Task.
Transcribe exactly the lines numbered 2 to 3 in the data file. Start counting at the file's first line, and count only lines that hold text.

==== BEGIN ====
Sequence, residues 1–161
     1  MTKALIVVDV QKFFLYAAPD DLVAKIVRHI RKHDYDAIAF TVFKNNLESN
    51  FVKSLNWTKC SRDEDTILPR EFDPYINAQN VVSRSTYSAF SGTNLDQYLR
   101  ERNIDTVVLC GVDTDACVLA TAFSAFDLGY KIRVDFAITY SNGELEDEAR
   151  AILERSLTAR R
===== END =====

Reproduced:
     1  MTKALIVVDV QKFFLYAAPD DLVAKIVRHI RKHDYDAIAF TVFKNNLESN
    51  FVKSLNWTKC SRDEDTILPR EFDPYINAQN VVSRSTYSAF SGTNLDQYLR